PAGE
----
July 8, 2007

The Lack of Consistency

Posted in psychiatry at 6:12 by skpsycho

What fascinates me the most in psychiatry is the inconsistency of the messages we send to our patients. The famous phrase “Be yourself – act naturally!” seems to be very profoundly and comfortably adopted by the profession, and indeed developed even further. We all know that oxymoronic and self-contadictory requirements drive people mad, especially if the person being required is somehow dependent on the one making the request. And yet, the system that is supposed to treat madness is full of this.

(On a side note: I was ambivalent for a moment whether I should have written “the system that is supposed to bring sanity”, but decided that “to treat madness” is more accurate).

The inconsistency is everywhere. We want a patient to build an open and trustful relationship with his doctor. Yet, we pay little attention to the fact that a relationship is a mutual thing, and thus we excuse the doctor from actively participating in it. Now, have you ever tried to build a trustful relationship with someone who you address by title and last name, who sees you for five minutes a day on weekdays, who meets with you only because it’s his job, and whom you completely depend upon? It is obviously impossible. Moreover, it is harmful. We ourselves, put in the same shoes, would try as hard as possible to manipulate this person in order to get out, rather then be open and try to befriend him! But we still demand that the patiens do it.

We forbid the patients to swear, to talk sex or violence. But we allow and encourage them to watch TV where they see violence, swearing and half-naked women. (The issue of half-nakedness is a separate story; to put it briefly, when I see a naked woman, I may or may not get lusty, depending on the circumstances; but when I see a half-naked woman with the word “CENSORED” floating upon her breasts, I will get not only lusty, but also angry. It this something they on TV try to promote?)

And how about the balance between freedom and responsibility? In my understanding, if you are free to do whatever you will, then you must be responsible for your actions, but if your freedom is abridged, so must be your responsibility. That would be fair. Not so in a psychiatric hospital! There, your personal freedom is severely restricted, but you still can be held accountable for your wrongdoings. For example, should a delusional schizophrenic man, locked up because he supposedly doesn’t know where or who he is and can’t account for his actions, accidentally enter a female patient’s room and touch her, only because the staff that was supposed to watch him was elsewhere, he may end up being registered as a sex offender! That is incomprehensible! I mean, if I’m mad, I’m mad, aren’t I? And if I’m not mad, let me go!

We say to the patients that drug dependence is bad, and give them drugs to become dependent upon. We tell a depressed person that he should not kill himself, and arrange that he always have access to pills – the easiest means of suicide.

The examples are legion. What is common in all of them is that the communication is happening on two levels: the overt and the hidden; and the messages they carry contradict each other. In effect, you don’t know what to do, for whatever you do can be held against you on one of the levels. I don’t know if it was designed this way or is accidental, but such style of communication surely doesn’t help a mentally unstable person to regain his sanity.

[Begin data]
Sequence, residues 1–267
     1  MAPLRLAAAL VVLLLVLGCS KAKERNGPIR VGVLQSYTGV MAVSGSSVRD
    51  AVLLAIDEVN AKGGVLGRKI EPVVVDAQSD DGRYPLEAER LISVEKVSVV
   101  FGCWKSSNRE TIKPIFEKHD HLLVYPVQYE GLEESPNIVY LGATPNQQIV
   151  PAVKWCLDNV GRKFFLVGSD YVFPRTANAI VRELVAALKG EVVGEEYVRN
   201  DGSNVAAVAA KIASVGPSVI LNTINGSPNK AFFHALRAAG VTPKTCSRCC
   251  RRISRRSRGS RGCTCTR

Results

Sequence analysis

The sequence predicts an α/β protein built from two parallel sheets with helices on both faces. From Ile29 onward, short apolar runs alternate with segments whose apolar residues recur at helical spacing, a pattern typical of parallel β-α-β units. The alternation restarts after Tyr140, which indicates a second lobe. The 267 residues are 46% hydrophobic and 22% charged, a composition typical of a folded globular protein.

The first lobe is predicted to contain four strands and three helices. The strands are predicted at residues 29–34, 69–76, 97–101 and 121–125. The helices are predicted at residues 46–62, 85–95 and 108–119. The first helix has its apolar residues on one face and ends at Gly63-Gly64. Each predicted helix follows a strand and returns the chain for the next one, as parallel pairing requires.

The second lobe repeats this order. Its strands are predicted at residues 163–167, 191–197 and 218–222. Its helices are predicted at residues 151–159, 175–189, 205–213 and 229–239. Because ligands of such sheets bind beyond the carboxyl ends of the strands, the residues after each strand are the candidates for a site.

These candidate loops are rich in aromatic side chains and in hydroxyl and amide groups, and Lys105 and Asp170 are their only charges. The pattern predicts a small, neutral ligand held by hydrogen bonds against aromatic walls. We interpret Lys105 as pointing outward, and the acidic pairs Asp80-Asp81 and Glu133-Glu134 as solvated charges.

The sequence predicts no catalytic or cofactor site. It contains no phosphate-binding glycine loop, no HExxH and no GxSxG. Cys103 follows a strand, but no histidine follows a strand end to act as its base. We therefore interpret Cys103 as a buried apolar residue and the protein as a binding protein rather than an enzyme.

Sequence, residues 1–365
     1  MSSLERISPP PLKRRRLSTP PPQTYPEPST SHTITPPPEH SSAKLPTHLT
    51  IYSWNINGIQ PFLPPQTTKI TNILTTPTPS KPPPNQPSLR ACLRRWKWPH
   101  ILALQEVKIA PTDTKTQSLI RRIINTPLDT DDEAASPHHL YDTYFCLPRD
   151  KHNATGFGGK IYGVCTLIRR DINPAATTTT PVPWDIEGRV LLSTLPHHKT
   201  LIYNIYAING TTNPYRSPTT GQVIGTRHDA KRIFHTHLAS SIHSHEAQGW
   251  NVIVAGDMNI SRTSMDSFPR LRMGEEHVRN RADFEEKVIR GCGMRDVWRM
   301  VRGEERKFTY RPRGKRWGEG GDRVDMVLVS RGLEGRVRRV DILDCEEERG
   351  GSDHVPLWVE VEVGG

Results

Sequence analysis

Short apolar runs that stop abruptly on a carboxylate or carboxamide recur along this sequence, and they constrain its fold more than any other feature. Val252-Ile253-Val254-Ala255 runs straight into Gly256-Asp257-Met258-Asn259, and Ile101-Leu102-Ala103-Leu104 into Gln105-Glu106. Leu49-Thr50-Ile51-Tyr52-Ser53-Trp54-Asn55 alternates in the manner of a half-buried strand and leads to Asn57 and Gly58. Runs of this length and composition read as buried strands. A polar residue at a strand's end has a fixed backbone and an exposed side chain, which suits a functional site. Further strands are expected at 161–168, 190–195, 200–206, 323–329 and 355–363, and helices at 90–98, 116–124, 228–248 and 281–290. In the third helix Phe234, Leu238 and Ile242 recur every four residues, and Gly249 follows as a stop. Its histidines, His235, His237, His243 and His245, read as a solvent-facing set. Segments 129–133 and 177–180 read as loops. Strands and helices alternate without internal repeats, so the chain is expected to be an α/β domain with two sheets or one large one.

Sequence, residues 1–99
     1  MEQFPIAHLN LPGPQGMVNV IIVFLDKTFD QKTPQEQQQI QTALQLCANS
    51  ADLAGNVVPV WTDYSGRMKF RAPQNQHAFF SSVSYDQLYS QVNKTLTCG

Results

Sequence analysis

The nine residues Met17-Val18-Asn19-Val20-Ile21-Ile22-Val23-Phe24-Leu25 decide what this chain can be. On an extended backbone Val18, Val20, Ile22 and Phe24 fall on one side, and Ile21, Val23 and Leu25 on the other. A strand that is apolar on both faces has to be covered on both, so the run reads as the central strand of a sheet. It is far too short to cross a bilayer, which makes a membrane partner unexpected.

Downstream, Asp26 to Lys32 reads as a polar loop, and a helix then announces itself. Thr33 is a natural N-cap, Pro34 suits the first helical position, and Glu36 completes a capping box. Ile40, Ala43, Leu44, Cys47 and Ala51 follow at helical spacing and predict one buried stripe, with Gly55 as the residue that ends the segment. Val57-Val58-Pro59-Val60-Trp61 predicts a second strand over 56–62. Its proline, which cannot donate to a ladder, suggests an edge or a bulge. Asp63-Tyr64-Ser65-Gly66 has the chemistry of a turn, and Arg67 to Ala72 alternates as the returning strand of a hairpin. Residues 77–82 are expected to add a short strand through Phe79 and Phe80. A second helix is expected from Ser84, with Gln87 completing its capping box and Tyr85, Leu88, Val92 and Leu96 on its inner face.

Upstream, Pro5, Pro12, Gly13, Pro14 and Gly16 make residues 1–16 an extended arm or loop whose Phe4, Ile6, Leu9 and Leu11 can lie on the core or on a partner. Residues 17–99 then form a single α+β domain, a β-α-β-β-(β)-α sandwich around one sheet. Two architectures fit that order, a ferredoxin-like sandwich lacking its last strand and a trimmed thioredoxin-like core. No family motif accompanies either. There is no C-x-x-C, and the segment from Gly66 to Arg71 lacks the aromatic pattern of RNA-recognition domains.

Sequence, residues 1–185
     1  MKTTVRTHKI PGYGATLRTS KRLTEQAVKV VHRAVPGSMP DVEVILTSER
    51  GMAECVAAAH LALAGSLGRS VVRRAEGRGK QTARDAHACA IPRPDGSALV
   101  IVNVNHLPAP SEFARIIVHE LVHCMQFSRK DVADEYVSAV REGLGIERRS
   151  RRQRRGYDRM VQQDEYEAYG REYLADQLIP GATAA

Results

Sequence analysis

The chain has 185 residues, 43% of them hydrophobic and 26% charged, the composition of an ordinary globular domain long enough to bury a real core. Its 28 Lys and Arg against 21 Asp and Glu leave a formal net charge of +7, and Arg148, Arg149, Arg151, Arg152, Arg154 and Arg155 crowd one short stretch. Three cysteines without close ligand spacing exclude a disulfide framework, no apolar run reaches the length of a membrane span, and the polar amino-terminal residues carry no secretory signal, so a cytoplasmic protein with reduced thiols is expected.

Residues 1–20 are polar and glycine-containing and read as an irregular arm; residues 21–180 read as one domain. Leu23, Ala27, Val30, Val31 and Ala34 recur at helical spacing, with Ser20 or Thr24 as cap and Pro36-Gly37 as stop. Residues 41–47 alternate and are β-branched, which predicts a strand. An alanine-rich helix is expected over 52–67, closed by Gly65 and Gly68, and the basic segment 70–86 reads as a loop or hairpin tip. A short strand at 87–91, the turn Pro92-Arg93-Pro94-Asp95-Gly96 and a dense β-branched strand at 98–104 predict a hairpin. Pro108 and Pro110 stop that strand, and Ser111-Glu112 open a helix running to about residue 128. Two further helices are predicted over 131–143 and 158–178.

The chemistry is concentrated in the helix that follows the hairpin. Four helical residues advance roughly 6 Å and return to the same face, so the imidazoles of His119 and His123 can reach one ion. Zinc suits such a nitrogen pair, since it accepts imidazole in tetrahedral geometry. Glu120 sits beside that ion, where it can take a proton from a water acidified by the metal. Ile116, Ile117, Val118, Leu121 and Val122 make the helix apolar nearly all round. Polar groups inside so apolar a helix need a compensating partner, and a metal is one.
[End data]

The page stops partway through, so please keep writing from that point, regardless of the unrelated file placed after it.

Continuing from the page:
Such inconsistency is common in everyday life, too; but in life you can walk away from it if you don’t like it. How is a psychiatric patient to deal with it is unclear.

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4 Comments »

  1. podyh_gir said,

    Well, you can easily go away from the one who you think is being inconsistent. But I’m sure he thinks he’s acting correctly and absolutely logically.
    What I think is inconsistency is too natural to get rid of. After all, somebody may think you’re being inconsistent while working in a field you don’t really seem to believe in. Or do you?

    Oh, for some time I wanted to ask you how specialists like you manage to stay sane and consious around mad people?

  2. skpsycho said,

    Well, good point! I am actually not sure whether I want to do it or not. It’s not that I don’t believe in the idea of psychiatric help per se, it’s the implementation of this idea in today’s America that makes me nervous. And my only hope is that I may be able to practice it differently, although being a part of the system. So I don’t think I’m being inconsistent – I am actually being quite open about my doubts and fluctuations.

    And, I’m not trying to manipulate anyone. The inconsistency I was trying to describe in my post had more to do with manipulation. Basically, dishonest manipulation is what I meant.

    Stay sane around mad people… hmm, maybe it’s not that difficult, really. You just have to have another world (like music for me), where you can go to disconnect from your job. And… the way I see it now is that the “mad” are really just very, very unhappy people. You certainly can become unhappy too if you get caught up in their patterns of dealing with the world… if you don’t have some external point of reference.

    But that’s just words, of course. I haven’t worked as a psychiatrist for a long enough time to know for sure. Maybe you do get caught up no matter what…

  3. podyh_gir said,

    I really hope not!

    Thanx for detailed answer :)

  4. […] ––skpsycho.wordpress.com […]


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